Food & Drink
A variety of systems and chemicals are used to disinfect water used in the food processing industry. All of which have considerable limitations.
Anolyte has been shown to be a promising alternative decontamination technique with a strong bactericidal effect. This technique has been suggested as a valuable disinfection tool for wash water sanitation in the minimally processed vegetable industry.
By understanding and using Anolyte to disinfect equipment, wash water as well as the produce itself, food processing companies can provide an environmentally safe solution.
This technology differs from other physical decontamination technologies in that next to the direct decontamination, a residual disinfection capacity is also generated. The result is the on-site destruction of even refractory organics without the generation of residues. The importance of the maintenance of water quality during washing helps to minimize the potential microbial contamination of processing water and subsequent cross contamination of the product.
In general, it could be assumed that the cleaning action of the washing process removes microorganisms from the product and the sanitizing agent eliminates them in suspension. Washing and disinfection using various chemicals have economic and environmental implications mainly because of the large amount of water used. Therefore, considerable effort and cost is needed to assure that the water quality is adequate for its intended use, both at the start and the end of all washing processes. The use of Anolyte and Catholyte in the vegetable CIP are capable of cleaning and disinfecting efficiently the process water, the product and the facility itself. The properties of these solutions will assist in reducing the wastewater rates and would have no impact on the environment.
Anolyte can be used for:
- CIP and COP solutions on site – replacing detergents and disinfectants
- HACCP compliance and digital integration
- Dosing of process water – becomes in situ disinfectant
- Ice dosing with Anolyte – becomes disinfectant as it melts
- Spraying of conveyor belts
- Used in produce wash water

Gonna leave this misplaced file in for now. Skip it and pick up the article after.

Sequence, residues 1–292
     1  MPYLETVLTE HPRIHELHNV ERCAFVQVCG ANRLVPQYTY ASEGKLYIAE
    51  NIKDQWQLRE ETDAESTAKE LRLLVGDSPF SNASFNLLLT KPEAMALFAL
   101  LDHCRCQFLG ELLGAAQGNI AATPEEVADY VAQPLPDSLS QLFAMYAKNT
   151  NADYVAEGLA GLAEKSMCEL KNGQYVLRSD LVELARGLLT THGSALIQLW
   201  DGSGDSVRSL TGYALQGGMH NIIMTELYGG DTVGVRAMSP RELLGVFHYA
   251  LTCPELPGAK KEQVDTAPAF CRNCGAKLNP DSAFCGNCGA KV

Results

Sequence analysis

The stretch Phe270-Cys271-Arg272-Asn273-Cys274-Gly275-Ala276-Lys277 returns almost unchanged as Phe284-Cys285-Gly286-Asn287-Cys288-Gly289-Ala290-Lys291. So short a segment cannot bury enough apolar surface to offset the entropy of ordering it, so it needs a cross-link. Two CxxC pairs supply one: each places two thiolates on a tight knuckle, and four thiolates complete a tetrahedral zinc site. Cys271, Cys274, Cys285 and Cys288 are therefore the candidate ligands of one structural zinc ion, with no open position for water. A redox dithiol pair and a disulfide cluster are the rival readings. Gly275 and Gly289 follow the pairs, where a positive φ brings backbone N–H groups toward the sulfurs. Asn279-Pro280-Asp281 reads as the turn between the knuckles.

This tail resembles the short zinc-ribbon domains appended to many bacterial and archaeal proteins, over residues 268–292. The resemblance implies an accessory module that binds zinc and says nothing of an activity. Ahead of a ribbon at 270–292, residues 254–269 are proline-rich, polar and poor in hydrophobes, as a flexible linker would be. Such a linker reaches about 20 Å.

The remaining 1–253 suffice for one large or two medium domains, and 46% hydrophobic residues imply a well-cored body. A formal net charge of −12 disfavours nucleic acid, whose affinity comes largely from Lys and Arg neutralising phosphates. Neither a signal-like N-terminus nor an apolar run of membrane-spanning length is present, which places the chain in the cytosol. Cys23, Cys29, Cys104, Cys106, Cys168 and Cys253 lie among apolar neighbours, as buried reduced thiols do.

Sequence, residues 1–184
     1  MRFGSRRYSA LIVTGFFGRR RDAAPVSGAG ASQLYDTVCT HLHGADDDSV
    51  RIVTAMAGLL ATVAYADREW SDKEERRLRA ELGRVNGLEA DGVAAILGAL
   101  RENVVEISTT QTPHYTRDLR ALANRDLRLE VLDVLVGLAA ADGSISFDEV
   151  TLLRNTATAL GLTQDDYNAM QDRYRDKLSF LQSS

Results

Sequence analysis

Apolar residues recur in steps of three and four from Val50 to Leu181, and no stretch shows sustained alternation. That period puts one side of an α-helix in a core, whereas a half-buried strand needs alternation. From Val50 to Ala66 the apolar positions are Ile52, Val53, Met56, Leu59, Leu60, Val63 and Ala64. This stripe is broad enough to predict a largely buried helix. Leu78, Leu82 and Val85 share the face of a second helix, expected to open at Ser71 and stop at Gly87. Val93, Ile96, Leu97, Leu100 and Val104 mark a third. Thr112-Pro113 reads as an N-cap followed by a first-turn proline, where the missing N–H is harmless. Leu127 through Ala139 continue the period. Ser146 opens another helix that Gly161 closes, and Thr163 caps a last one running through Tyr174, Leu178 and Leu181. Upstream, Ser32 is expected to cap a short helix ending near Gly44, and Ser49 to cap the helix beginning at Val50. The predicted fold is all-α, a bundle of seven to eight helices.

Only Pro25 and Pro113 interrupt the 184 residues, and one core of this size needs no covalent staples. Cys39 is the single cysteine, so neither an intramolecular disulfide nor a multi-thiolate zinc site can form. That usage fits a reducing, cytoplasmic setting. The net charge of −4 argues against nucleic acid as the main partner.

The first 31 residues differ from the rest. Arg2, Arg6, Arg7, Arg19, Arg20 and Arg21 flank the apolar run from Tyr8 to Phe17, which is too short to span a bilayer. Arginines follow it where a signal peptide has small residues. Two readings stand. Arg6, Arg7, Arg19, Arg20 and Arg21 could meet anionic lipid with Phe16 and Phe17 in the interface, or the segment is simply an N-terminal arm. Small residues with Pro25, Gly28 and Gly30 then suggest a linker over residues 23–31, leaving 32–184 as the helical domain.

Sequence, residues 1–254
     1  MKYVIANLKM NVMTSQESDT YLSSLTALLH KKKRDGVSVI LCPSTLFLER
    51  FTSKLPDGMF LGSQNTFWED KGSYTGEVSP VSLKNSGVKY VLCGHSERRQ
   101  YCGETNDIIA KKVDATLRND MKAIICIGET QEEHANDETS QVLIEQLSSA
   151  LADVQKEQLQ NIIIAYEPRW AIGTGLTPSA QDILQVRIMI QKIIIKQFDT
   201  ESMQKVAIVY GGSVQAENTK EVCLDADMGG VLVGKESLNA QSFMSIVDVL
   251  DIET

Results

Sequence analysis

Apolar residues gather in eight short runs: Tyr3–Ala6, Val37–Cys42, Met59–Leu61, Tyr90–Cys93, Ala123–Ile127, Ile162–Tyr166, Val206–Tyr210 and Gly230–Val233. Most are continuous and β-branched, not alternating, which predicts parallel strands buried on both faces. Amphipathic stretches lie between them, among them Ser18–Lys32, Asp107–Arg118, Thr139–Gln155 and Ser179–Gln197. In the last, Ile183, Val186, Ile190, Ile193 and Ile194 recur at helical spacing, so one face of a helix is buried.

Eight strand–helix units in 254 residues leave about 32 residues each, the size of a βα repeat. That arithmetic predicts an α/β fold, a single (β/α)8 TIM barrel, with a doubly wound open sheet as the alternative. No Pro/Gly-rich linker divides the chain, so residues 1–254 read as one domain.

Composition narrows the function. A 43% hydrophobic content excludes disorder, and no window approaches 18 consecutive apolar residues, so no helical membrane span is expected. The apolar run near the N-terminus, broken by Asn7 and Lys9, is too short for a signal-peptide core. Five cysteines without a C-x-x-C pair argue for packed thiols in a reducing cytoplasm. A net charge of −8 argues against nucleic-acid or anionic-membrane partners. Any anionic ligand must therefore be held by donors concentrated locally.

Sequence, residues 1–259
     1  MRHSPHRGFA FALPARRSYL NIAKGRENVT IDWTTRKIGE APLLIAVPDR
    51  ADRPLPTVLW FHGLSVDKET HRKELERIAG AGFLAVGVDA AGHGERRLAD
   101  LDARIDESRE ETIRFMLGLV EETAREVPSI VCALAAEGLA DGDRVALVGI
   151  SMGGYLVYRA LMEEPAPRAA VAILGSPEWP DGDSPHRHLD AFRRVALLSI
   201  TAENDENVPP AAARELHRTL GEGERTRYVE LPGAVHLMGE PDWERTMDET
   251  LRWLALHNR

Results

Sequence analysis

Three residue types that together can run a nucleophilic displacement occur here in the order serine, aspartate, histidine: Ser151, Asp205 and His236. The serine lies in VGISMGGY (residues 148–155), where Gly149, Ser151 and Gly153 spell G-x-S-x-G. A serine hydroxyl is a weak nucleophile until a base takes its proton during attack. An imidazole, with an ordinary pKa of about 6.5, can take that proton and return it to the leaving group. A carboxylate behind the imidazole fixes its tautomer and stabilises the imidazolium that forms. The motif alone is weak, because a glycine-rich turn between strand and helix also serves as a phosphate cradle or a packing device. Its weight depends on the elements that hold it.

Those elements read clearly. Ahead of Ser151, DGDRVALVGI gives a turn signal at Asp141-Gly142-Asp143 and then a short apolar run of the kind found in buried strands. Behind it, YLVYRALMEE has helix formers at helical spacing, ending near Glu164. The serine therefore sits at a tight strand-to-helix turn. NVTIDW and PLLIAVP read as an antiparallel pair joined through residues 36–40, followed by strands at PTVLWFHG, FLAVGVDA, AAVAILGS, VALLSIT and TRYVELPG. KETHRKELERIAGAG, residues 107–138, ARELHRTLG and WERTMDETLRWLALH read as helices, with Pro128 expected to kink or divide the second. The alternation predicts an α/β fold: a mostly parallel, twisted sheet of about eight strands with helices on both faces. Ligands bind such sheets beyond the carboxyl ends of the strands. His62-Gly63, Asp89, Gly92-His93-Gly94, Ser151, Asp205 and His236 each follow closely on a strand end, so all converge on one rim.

- Used in to replace a variety of chemicals presently used to sanitise and clean facilities, surfaces, equipment and produce
- Increase shelf life
- Enhance run length times before CIP, and replace harsh chemicals
- Ensure staff health and safety
Wash water quality deteriorates rapidly during produce washing and it usually contains high organic loads including soil, leaves, and other debris as well as microorganisms associated with the produce. By dosing Anolyte directly into the system the ability to maintain a constant FAC throughout the washing process can be achieved.
Anolyte provides full spectrum biocidal disinfection and sterilization capabilities in eliminating pathogens. Test conducted on Anolyte has documented its effectiveness in the elimination of E.Coli, Salmonella spp., Pseudomonas Aeruginosa, Listeria and Legionella Pneumophila. Anolyte has proven to be a much more effective Anti-Microbial Agent against E.Coli 0157H:7 than Chlorinated Water, Ozone, Chlorine Dioxide or Chlorine relative concentrations. The food processing and bottling industries use huge volumes of water for a wide variety of purposes throughout the processing chain. However, the consistent factor is the requirement for clean water.
IQ ECA Technologies’ solutions namely Anolyte and Catholyte, can also rightly claim to be organic in origin as it uses only natural and sustainable inputs of water and salt to generate natural biocides.
Using Anolyte in food and beverage processing facilities achieves 5 major functions:
- It disinfects plant and machinery ensuring that there is no reservoir of microbial contamination
- It disinfects and cleans the pipe networks, destroying biofilm which is the environment in which microbes thrive
- It disinfects the water itself ensuring clean and sterile supplies
- It disinfects bottles, containers and packaging
- It cleans and sterilises food preventing mould, bacterial propagation thereby extending shelf life